March 31, 2014
My name is Dr. Anna Mazzucco. Thank you for the opportunity to speak today on behalf of the National Research Center for Women and Families. After completing my Ph.D. at Harvard Medical School, I conducted research at the National Institutes of Health. Those are the perspectives I bring today.
Our research center conducts research, analyzes data in the research literature, and then explains the evidence of risks and benefits to providers, policymakers and consumers. Our president is on the Board of Directors of the Alliance for a Stronger FDA, which is a nonprofit dedicated to increasing the resources that the FDA needs to do its job. Our organization does not accept funding from pharmaceutical companies, and therefore I have no conflicts of interest.
We have concerns about Sivextro for the treatment of adult patients with acute bacterial skin and skin structure infections. The main goal in antibiotic drug development is finding new drugs to target strains that are resistant to currently available drugs. However, Sivextro is already known to share cross-resistance with linezolid-resistant strains with chromosomal mutations, which is the majority. This is a major shortcoming of this drug. In non-inferiority trials, it is particularly critical to adequately establish safety and efficacy in critical patient populations. Otherwise, patients could be treated with a drug that is actually worse than what is already available. Several placebo-controlled trials have shown that antibiotics are ineffective for abscesses, and 30% of the patients in this trial had abscess, making the non-inferiority design even more problematic. These infections often among the elderly and those with compromised immune systems — but these patients were NOT represented in the pivotal trials. In the two phase III trials, only 9% and 13% of the patients treated with Sivextro were 65 or older – that is only 69 patients. Only 18 patients in both trials together were 75 and older, which is a critical group to test the drug for the proposed indication.
Similarly, while studies have shown that Hispanic and African-American patients are more likely to contract MRSA, 85% of patients in all the phase III trials were white. With such a low percentage, any safety or efficacy problems specific to minority patients would be invisible because the small number of African Americans and Hispanics were combined in the analysis with the much larger sample of whites. We know that naturally occurring genetic variations can affect the way certain drugs are metabolized and work in certain racial and ethnic groups.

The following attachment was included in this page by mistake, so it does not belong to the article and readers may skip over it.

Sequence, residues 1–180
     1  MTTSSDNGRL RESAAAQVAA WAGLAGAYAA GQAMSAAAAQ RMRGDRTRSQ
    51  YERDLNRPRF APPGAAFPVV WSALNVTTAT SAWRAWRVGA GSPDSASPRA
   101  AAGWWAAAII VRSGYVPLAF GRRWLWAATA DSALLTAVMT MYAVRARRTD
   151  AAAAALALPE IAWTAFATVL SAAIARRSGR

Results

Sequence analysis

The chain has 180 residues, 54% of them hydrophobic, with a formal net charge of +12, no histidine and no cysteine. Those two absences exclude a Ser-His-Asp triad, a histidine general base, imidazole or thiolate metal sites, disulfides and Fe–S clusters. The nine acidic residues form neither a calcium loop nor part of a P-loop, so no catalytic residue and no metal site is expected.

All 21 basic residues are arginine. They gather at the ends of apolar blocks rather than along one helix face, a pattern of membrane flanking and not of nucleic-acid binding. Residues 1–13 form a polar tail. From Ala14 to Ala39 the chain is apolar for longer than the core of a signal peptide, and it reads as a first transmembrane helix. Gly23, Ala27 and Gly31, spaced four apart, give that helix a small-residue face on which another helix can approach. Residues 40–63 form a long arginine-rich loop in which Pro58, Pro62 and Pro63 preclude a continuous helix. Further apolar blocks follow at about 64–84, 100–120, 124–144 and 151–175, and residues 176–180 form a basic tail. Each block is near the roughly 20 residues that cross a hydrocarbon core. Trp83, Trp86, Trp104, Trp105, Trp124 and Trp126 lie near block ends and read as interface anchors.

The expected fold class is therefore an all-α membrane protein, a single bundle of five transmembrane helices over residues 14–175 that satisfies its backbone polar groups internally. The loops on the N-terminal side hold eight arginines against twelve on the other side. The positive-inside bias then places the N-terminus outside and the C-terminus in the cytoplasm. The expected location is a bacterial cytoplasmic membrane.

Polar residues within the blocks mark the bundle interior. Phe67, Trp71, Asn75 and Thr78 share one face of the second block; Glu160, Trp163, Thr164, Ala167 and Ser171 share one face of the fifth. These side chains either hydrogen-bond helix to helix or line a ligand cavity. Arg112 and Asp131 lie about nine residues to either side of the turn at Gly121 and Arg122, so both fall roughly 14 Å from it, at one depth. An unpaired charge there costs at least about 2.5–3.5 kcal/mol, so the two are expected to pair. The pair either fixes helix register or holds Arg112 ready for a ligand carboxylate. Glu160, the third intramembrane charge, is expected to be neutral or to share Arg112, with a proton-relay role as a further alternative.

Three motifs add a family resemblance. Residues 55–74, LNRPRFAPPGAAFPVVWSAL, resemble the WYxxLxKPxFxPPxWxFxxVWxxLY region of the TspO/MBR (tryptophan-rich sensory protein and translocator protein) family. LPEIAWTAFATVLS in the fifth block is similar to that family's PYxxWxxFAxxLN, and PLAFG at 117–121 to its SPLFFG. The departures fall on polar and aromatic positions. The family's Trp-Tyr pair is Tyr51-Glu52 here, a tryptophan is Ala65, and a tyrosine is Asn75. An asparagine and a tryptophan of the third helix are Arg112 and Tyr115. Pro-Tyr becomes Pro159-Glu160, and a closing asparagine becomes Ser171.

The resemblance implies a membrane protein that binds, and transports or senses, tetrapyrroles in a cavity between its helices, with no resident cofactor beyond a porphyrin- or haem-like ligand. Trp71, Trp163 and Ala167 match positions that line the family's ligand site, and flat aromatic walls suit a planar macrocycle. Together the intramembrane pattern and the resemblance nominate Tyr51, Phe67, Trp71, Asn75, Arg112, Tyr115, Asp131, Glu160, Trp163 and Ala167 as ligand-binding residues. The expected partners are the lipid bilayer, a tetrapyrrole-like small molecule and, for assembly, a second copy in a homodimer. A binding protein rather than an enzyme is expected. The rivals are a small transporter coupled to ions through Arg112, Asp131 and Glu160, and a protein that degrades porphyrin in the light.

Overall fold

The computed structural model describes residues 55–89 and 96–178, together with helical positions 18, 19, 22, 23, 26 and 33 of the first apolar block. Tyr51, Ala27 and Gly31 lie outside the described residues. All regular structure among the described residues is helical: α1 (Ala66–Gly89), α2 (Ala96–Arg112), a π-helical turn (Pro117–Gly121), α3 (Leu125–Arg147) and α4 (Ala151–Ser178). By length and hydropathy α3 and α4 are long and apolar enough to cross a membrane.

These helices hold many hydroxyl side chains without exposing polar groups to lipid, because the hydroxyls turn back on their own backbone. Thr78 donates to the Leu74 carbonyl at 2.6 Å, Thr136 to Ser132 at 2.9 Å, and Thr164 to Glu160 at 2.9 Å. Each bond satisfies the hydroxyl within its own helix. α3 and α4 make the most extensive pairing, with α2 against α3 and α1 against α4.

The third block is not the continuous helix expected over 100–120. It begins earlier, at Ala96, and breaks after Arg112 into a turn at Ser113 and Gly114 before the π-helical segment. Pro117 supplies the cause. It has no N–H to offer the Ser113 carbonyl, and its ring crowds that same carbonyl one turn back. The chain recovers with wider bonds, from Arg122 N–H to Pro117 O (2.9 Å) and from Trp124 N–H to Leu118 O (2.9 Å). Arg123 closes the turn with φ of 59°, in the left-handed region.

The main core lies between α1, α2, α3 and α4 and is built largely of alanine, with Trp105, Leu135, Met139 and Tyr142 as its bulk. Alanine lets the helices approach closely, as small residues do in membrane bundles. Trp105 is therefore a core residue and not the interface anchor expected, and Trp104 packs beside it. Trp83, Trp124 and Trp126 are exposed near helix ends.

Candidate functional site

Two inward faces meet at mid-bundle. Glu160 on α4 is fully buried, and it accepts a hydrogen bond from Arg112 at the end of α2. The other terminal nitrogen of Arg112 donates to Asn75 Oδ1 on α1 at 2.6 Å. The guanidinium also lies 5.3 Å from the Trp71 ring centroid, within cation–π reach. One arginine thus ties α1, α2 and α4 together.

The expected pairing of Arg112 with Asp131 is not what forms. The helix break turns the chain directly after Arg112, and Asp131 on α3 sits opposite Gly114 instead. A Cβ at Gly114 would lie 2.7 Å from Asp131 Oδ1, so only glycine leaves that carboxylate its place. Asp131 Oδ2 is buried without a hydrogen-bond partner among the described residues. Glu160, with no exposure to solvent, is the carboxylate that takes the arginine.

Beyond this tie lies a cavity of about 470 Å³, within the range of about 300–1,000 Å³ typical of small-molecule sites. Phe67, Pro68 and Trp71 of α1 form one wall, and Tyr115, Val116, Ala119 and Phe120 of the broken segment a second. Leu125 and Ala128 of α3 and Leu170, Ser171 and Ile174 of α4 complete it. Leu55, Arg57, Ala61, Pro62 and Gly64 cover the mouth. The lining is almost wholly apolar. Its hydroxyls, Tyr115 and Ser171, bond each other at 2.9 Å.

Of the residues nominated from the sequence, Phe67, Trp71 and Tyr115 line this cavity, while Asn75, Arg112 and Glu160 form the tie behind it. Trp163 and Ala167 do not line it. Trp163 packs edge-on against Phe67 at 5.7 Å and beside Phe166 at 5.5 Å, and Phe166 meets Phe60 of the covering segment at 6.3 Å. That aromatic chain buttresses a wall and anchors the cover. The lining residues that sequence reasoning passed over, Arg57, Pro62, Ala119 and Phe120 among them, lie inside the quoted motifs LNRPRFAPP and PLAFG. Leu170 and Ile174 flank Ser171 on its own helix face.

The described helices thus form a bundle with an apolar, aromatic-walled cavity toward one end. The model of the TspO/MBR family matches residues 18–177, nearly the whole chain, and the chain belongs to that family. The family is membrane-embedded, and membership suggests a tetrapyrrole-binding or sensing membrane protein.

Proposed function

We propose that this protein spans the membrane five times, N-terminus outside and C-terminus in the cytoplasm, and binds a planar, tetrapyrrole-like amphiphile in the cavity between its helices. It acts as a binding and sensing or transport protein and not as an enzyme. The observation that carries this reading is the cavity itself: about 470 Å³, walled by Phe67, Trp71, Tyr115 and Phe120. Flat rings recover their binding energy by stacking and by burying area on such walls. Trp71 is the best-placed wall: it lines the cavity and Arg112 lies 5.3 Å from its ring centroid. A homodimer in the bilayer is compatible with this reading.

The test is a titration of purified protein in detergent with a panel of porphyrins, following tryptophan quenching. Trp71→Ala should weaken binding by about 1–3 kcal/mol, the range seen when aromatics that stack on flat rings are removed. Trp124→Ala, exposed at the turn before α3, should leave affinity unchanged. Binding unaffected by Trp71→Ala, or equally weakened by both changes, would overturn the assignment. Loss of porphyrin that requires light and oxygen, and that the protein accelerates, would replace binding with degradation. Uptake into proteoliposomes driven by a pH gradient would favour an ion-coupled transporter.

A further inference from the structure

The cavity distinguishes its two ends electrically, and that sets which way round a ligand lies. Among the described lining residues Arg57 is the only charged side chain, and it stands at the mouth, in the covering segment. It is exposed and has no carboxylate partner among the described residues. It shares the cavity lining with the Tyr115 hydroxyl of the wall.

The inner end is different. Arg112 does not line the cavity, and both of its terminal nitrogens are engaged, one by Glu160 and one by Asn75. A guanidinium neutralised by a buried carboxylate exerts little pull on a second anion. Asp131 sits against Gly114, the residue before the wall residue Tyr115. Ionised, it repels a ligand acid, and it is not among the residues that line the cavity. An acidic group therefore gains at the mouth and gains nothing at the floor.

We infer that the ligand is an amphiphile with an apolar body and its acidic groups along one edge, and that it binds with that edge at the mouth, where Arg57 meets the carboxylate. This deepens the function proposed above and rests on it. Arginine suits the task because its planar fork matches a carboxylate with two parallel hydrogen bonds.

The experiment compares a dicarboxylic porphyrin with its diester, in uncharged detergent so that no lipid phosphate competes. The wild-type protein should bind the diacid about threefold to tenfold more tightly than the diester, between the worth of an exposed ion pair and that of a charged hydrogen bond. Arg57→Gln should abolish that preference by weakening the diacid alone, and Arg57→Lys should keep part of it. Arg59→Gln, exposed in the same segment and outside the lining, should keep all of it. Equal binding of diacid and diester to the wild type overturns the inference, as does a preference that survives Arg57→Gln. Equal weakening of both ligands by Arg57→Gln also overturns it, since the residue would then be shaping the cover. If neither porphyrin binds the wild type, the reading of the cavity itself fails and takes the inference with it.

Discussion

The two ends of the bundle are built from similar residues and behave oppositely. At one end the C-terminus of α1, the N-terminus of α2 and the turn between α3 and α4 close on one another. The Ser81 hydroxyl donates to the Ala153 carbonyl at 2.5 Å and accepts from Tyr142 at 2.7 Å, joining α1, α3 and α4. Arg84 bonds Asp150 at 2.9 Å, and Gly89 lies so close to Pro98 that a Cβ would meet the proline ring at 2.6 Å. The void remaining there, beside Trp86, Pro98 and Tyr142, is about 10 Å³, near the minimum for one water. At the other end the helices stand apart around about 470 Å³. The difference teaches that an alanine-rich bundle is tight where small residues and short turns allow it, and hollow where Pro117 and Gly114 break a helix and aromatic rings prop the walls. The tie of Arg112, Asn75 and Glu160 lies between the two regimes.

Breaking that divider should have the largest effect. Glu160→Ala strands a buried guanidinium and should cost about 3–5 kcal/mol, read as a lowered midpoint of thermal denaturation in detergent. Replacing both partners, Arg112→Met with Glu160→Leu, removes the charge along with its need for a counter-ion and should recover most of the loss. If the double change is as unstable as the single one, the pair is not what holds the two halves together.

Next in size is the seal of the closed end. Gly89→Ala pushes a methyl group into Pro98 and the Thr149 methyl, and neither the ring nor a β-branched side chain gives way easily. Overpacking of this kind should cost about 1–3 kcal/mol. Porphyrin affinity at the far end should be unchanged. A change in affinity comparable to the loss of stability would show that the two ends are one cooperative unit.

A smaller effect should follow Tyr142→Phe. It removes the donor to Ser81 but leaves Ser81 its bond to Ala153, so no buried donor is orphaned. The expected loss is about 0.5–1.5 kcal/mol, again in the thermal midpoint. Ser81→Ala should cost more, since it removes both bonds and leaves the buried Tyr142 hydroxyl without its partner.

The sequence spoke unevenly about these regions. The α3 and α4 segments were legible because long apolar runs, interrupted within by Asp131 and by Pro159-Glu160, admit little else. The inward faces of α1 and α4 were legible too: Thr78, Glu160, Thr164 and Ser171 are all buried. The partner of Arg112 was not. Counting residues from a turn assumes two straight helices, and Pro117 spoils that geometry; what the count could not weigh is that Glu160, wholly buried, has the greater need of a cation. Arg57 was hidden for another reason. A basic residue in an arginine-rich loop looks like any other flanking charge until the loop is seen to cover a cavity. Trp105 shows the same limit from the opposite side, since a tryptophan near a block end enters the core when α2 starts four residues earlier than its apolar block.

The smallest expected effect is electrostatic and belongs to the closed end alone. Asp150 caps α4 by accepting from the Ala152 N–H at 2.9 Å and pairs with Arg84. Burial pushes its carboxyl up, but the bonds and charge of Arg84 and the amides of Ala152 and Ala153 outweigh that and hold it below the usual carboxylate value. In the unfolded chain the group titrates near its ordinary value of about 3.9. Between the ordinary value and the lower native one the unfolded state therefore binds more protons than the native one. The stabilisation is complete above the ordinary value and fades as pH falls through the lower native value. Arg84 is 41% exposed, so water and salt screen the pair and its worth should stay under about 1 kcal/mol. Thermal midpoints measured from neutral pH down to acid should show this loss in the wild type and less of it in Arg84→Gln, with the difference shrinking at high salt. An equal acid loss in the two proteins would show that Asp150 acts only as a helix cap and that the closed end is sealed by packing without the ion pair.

The percentage of Minority patients would not be important if there were a large enough number of these patients to analyze separately in subgroup analyses. But, only 77 were African American and only 16 patients were in any other racial or ethnic groups – obviously too small to evaluate safety. And while subgroup analysis was not conducted for secondary endpoints, for the primary clinical endpoint, patients over 65, and the ethnic group labeled “other” had poorer outcomes.
Another problem with the studies is that diabetic patients are particularly susceptible to these infections, but only 4% and 10% of the trial participants had diabetes, which totals only 58 patients treated with Sivextro in both phase III trials combined. Again, 58 patients is too few to draw conclusions about, BUT the sponsor should have at least analyzed this group of patients separately to see if the drug is equally effective for them. They didn’t.
The proposed clinical dose is specified for patients 12 and older, yet the minimum patient age among all the phase III trials was 17. Kids do a lot of growing during those teenage years, and teens of different ages can metabolize drugs differently than adults. The drug should not be approved for patients who were not studied. The sponsor did not provide a further breakdown of patient age between 18 and 65 years, so we do not know if there is enough data to justify approval for younger adults either. Drug metabolism starts to change quite dramatically in middle age.